Did you know that fleas and worms can be passed on to you and your family? They can also cause your pet pain and discomfort and in extreme cases, death.
Household pets are susceptible to fleas which live in almost any warm environment. This could be your pet’s fur, your clothes and furniture, and in the summer months the grass and sand outside your house or in the local park.
Fleas can lay up to 50 eggs every single day, and when all 50 of those start breeding, you quickly have an infestation on your hands. This rapid lifecycle makes fleas particularly difficult to get rid of. As well as being hard to clear, fleas will bite both you and your pet causing red, itchy bumps and to top it all off, bites can also spread nasty diseases.
If your pet has fleas, they are likely to swallow them whilst grooming. This is bad news as fleas can carry tapeworm eggs which will hatch in your pet’s gut. Tapeworms will then cause your pet to become very unwell if they’re not treated quickly and effectively.
Indications your pet has fleas include:
- Red, itchy, sore spots on your pet’s skin (these could appear on you also)
- Excessive scratching
- Over grooming and pulling fur out
- Fleas themselves seen moving through your pet’s fur
- Brown/black specs in your pet's fur (these are flea eggs)
There are a number of different intestinal parasites (or ‘worms’) that can affect your pets. These include roundworm, hookworm, whipworm, tapeworm.
Indications your pet has intestinal worms include:
- Vomiting and diarrhoea
- What looks like grains of rice in your pet’s vomit, faeces and around their bottom (these may be moving)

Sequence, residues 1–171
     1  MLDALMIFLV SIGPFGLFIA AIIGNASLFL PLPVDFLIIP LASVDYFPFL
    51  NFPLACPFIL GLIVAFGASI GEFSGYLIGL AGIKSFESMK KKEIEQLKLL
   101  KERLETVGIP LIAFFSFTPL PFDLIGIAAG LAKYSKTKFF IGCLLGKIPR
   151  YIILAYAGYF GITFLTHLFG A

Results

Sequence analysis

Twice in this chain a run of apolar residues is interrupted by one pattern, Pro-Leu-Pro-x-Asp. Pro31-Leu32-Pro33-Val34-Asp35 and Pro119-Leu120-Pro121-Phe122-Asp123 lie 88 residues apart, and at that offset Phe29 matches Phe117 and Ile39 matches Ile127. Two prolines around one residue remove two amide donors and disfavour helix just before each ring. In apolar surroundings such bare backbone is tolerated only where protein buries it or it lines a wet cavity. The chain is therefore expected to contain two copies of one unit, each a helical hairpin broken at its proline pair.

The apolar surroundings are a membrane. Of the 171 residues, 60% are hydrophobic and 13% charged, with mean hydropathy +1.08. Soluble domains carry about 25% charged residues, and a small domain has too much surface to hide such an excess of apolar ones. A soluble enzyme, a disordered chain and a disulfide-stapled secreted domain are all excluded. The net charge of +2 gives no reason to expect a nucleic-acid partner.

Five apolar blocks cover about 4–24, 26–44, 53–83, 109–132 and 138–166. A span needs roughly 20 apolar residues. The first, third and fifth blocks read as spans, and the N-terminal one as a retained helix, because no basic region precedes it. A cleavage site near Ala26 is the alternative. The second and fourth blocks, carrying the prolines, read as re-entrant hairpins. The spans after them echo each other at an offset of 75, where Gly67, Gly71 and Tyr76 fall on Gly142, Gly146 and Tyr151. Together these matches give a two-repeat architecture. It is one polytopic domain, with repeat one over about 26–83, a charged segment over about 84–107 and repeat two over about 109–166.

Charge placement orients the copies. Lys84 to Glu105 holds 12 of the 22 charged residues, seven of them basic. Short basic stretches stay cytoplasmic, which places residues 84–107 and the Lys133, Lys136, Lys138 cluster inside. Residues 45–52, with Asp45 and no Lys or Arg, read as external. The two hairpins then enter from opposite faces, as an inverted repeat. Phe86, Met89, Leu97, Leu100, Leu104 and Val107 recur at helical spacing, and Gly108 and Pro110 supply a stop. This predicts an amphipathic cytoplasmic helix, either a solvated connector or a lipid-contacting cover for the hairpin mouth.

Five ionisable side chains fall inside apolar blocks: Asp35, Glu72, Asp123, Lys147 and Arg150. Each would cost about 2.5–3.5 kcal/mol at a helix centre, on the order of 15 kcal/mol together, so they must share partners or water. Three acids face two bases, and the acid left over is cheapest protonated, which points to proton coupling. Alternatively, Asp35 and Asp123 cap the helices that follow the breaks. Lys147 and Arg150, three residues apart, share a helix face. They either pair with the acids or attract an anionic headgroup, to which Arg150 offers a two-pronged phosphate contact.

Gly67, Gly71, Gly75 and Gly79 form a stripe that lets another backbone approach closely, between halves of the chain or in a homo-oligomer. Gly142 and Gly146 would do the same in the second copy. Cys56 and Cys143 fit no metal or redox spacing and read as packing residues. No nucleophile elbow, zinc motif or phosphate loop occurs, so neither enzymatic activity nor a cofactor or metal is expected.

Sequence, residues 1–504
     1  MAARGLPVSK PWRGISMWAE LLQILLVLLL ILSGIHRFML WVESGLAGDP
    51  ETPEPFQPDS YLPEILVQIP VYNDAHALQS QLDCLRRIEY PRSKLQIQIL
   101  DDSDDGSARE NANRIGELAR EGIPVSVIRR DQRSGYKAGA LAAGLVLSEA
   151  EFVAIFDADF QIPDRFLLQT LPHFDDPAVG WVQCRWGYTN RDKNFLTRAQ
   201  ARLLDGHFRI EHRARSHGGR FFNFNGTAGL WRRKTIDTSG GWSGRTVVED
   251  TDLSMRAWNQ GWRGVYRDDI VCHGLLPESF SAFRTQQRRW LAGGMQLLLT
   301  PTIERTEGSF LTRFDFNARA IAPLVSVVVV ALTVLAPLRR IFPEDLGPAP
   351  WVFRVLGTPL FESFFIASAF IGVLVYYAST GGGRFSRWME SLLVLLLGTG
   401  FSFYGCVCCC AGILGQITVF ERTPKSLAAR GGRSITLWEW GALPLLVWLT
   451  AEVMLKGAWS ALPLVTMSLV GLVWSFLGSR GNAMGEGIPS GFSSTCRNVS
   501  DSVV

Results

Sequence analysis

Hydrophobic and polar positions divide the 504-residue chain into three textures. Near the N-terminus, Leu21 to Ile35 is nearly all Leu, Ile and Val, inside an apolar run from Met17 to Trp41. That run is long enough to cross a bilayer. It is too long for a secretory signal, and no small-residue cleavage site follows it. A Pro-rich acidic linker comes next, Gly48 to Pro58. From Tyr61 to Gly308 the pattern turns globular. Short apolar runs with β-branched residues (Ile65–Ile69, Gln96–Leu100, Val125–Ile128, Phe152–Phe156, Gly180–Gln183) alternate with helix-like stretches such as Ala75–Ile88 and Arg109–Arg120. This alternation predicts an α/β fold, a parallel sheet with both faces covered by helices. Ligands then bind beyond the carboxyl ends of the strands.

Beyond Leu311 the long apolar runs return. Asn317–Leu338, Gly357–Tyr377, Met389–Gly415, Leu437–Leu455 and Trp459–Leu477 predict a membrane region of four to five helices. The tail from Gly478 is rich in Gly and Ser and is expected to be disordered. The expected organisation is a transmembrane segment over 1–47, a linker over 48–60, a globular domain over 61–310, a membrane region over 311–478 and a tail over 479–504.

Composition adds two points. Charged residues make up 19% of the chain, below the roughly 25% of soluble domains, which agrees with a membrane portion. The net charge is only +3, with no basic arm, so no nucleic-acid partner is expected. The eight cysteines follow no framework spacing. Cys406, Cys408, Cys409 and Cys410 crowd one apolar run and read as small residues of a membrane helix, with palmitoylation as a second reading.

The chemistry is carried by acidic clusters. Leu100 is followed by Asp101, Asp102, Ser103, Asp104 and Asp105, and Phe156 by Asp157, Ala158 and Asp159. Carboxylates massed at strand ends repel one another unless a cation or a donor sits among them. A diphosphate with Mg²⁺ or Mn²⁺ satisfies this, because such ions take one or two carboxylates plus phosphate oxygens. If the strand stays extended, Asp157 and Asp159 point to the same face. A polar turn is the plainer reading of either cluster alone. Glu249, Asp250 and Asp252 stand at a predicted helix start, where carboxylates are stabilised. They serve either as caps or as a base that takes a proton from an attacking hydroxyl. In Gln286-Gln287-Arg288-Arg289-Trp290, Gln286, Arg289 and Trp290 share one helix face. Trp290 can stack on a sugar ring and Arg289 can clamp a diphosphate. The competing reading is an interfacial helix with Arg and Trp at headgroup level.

- Weight loss
- Increased appetite
- Potbellied appearance (especially in puppies)
There is also a potentially much more serious ‘worm' called lungworm. This only affects dogs and occurs when they ingest larvae found in infected snails or slugs. They can also accidentally eat infected tiny slugs if they are on a toy or their fur.
The lungworm larvae then grow inside the dog and adult lungworms move through their body to live in their heart and blood vessels.
They cause haemorrhages predominantly in the lungs and liver but can occur anywhere in the body, and if left untreated, lungworm infected can be fatal.
Indications your dog has lungworm:
- breathing problems
- reluctance to exercise
- if a dog gets a minor injury, like a small cut, it might bleed for longer
- abnormal blood clotting
The good news is that there are effective products available to prevent all of these parasites, which we would recommend. Most importantly, especially in SE London where we are seeing a resurgence in cases of lungworm, we HIGHLY recommend a lungworm preventative product.
Most of the safe, effective preventative treatments for parasites are prescription products which mean they can only be dispensed once an animal has been examined by us, and for a maximum of 6 months at a time.